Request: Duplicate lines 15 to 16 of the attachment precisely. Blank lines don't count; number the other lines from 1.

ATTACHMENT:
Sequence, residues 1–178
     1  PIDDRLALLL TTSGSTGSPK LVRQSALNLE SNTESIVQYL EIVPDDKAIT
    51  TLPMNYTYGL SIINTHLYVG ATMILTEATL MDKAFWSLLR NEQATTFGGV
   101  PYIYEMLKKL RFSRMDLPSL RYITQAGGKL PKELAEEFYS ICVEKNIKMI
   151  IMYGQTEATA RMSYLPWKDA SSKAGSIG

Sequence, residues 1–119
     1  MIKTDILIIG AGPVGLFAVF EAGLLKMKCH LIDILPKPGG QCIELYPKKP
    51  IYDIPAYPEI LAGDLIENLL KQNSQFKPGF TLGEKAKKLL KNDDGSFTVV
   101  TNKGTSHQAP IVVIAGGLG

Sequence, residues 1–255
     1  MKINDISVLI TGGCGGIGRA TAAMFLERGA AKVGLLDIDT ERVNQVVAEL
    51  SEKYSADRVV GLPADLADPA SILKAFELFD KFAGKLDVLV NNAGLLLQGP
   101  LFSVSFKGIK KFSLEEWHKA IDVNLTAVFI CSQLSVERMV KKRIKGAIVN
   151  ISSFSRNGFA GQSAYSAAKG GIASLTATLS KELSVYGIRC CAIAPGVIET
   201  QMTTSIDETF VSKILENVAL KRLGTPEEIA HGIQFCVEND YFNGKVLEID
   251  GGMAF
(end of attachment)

   201  QMTTSIDETF VSKILENVAL KRLGTPEEIA HGIQFCVEND YFNGKVLEID
   251  GGMAF